The Pork Roast Parable


Clark, six, was helping his dad make dinner. He watched admiringly as his dad used a big, scary-looking cleaver to hack off the end of the pork roast and put it aside.

“Daddy, why did you cut off the end of the roast?”

“Well, son, that’s what you do with a pork roast.”

Clark was six, so the follow-up was a given. “But, why?”

Max was about to answer glibly about pork or roasts but realized that he had no idea why one did that. Although briefly tempted to make something exotic up, something that involved Ninjas, he chose instead to say, “I have no idea. But that’s how Grandma Patsy taught me to do it, so let’s call her and ask her.” Max knew that Clark was always eager to FaceTime with Grandma Patsy, and this was as good an excuse as any.

Clark quickly brought Max’s iPad into the kitchen and called Grandma Patsy. Patsy, just as eager as Clark, answered immediately.

“Hey, Clark. How wonderful to see your sweet face. Hi, Max. I see you lurking behind Clark.” Grandma winked at Max and blew Clark a kiss. “What can I do for you gentlemen?”

“Mom, I’m making a pork roast for dinner. Clark was helping me. I didn’t know how to explain why we cut off the end of the roast before we cook it.”

Grandma was about to speak, but all she could come up with was the same non-answer as Max, “because that’s what you do with a pork roast”. She laughed, chagrined, and confessed, “You know, Clark, I don’t know why. I’ll call Great Grandpa Joe and ask him. He’s the one who taught me to cook.”

Joe didn’t FaceTime so Grandma called him on the phone in the conventional way and posed the question to him while Clark and Max listened in via the FaceTime connection. Clark and Max then heard Great Grandpa Joe laughing so hard that they knew he had tears running down his cheeks. When he could finally catch his breath, they heard his answer.

“Patsy, when you were growing up we only had one, very small, roasting pan. When we had a pork roast, which was a very special occasion, I had to cut off the end to make it fit into the pan. The next night we’d cook the rest of it.”

“Thanks, Pop. I’ll call you back later to chat more.”

She turned back to Max and Clark, and she couldn’t stop laughing.

“Well, guys, now you know the family secret for pork roast, which involves starting with a too-small pan. And to think that I’ve been doing this for decades!” She was laughing so hard that she had to hang up.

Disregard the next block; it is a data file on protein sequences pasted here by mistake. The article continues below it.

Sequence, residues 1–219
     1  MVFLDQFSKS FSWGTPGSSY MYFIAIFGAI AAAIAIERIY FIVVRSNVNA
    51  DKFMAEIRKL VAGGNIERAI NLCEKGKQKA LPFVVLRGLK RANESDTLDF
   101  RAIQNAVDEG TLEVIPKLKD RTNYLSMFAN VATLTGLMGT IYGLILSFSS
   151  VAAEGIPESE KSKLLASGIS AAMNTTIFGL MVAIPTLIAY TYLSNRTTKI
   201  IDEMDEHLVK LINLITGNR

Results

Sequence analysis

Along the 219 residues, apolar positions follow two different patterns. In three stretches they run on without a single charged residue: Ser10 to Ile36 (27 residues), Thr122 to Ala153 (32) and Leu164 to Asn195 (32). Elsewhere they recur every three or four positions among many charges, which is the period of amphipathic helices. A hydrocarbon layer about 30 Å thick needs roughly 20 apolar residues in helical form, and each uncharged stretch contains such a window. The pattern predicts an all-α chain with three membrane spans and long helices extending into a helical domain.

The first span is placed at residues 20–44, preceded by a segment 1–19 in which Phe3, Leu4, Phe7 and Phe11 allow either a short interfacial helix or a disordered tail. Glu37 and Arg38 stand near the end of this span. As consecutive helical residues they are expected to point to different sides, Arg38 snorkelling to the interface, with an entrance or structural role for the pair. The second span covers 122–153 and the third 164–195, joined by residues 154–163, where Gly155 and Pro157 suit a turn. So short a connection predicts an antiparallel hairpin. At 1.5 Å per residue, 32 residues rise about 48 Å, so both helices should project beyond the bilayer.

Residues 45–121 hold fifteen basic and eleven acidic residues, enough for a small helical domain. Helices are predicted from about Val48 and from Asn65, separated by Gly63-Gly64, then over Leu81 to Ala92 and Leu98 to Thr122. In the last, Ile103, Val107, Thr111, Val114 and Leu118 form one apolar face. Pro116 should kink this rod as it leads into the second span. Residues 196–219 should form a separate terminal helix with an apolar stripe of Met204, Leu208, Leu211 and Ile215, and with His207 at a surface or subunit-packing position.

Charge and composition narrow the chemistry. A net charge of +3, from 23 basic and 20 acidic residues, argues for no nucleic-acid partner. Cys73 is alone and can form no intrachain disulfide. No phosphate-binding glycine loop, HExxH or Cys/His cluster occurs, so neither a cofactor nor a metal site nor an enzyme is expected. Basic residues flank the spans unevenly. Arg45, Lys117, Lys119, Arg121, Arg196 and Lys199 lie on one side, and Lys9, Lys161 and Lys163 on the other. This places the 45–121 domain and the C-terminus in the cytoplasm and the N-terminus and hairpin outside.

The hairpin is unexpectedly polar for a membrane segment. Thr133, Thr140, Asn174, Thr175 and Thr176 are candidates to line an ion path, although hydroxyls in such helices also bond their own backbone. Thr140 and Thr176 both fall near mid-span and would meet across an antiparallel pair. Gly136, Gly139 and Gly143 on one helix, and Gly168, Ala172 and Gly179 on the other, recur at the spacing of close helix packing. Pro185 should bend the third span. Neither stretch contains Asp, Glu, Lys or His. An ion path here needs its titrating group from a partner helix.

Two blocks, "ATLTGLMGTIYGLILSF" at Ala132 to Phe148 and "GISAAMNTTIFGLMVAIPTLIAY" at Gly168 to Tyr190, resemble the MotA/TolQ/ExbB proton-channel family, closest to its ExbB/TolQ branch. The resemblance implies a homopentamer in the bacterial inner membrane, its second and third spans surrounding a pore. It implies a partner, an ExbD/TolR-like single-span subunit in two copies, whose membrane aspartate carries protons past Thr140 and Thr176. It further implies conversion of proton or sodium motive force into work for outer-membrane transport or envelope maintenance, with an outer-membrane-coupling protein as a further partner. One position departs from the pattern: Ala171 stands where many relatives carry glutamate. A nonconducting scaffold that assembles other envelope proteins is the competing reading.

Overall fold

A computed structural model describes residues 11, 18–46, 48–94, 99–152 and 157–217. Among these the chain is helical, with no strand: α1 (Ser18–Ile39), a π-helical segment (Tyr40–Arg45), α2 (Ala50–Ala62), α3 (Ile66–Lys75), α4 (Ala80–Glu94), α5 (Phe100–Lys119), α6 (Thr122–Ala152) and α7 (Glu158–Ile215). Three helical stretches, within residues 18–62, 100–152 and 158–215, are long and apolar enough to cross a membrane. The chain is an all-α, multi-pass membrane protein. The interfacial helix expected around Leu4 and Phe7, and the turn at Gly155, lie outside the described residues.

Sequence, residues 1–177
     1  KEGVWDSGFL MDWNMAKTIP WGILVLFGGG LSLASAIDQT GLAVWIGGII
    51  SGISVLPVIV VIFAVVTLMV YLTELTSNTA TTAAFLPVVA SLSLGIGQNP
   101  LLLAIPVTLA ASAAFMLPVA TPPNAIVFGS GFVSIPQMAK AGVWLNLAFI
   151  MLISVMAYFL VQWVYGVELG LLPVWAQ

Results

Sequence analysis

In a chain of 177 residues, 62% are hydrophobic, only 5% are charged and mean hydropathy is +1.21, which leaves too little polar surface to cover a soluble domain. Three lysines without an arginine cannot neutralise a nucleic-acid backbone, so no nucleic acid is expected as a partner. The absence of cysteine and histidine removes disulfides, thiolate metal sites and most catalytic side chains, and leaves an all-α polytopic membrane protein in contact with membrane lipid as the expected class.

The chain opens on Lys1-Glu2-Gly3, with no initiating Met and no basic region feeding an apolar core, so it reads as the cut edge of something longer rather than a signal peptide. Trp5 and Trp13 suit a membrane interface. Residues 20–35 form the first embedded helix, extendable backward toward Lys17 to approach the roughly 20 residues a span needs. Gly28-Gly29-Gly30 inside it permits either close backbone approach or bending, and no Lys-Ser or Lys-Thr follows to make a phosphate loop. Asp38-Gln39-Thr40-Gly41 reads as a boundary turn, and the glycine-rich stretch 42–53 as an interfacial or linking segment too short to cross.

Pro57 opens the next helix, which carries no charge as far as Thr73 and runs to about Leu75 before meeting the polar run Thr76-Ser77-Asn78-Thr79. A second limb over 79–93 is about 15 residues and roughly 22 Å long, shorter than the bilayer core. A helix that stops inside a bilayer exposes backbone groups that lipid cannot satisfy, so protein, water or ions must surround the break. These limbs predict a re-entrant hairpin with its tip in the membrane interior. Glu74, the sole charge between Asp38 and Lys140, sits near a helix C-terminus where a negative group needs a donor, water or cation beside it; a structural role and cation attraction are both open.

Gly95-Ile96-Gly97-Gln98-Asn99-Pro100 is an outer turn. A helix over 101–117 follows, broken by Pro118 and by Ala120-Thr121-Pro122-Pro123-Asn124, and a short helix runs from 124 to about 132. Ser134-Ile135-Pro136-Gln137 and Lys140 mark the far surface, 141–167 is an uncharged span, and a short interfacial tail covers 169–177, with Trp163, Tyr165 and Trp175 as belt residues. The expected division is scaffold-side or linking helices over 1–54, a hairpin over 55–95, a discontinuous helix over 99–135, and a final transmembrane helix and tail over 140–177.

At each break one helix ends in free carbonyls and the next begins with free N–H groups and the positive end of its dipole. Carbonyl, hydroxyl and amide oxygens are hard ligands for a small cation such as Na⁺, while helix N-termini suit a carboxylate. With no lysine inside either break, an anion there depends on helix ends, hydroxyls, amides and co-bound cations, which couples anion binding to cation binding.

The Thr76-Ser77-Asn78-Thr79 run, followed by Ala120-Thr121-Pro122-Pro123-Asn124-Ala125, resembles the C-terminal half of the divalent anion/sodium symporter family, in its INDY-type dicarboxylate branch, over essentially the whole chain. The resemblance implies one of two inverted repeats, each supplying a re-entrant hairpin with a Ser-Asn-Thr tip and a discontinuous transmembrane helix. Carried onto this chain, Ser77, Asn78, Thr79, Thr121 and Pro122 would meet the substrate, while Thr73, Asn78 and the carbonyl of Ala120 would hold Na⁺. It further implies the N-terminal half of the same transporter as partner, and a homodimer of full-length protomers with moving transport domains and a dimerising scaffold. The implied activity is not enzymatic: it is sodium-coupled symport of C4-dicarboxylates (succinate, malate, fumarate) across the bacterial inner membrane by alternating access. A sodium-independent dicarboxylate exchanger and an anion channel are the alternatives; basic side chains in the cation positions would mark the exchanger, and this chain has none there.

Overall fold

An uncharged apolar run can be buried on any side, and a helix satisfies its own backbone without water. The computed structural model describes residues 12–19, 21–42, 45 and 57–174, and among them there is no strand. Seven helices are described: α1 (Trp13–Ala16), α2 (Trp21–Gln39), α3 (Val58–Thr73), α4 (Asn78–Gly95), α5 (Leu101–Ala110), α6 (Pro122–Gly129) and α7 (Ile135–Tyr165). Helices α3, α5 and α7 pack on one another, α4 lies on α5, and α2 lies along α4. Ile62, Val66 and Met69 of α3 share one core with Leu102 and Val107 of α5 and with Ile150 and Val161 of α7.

Max turned to Clark, who looked delighted at Grandma’s and Great Grandpa’s pleasure but also puzzled about exactly what had happened.

Smiling, Max said, “Clark, you have just witnessed what happens when rules and routines get handed down without being questioned. Sometimes they no longer make sense.”

Clark still looked confused, so Max added, “Little Dude, never stop asking ‘why?’” Max added a hug and a kiss on the top of the head, at which point Clark knew that asking ‘why’ was something good and something important.

When Linda got home from work, she went directly to the laundry room to take off her scrubs, as always. Clark, as always, waited outside the door knowing he couldn’t hug her until she’d changed into her sweats. As Clark hugged her, he looked up and asked, “Mommy, why do you change when you get home? Daddy doesn’t.”

Linda explained, “Daddy works at a nice clean office. Mommy works at the clinic with sick people who carry all sorts of germs. I change so that no germs can get to you or Daddy.”

Clark puzzled over that for a bit. At dinner, Clark bragged that he’d washed the spinach all by himself but that Daddy had had to call Grandma Patsy about the roast.

Max explained what had happened.

Clark at that point said, “Daddy, I understand! The pork roast was about rules that don’t matter anymore. But Mommy changes her clothes because that’s a rule that still matters.” Clark looked tremendously pleased that he’d figured it all out.

Both Max and Linda looked at their son with pride and astonishment. Then they looked at each other with surprise and delight at how clearly a six year old could understand something so profound.


To my readers: This parable is all about how we ALL develop what I have called “relationship maps”. Sometimes those old maps serve us well; sometimes they no longer matter and can even get in the way as we move forward. Follow Clark’s example and ask, “Why?”

About Benna Sherman Ph.D.

My Ph.D. is in counseling psychology from the University of Pennsylvania. I am licensed in the state of Maryland where I have been practicing as a therapist since 1989. I specialize in therapy for individuals and couples, seeing adults of all ages. I enjoy working with men and women, LGBTQ or straight. My style as a therapist is active, pragmatic, and holistic. I see therapy as an active collaboration between me and the patient. I have a particular interest in the mind-body connection and offer a mindfulness-based stress management program.